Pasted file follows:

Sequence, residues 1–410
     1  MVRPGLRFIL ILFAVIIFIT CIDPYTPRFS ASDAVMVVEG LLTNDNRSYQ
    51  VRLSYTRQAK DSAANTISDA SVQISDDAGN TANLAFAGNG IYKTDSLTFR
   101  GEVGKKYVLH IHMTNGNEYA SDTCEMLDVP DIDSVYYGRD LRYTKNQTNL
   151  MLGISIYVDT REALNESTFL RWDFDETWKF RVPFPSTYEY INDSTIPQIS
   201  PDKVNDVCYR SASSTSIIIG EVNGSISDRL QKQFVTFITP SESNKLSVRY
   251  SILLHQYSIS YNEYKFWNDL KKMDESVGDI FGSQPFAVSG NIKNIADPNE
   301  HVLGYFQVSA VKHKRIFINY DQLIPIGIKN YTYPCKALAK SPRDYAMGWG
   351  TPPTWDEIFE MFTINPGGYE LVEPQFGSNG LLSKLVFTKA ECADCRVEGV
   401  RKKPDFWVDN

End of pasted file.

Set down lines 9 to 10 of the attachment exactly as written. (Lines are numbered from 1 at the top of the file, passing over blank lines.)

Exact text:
   351  TPPTWDEIFE MFTINPGGYE LVEPQFGSNG LLSKLVFTKA ECADCRVEGV
   401  RKKPDFWVDN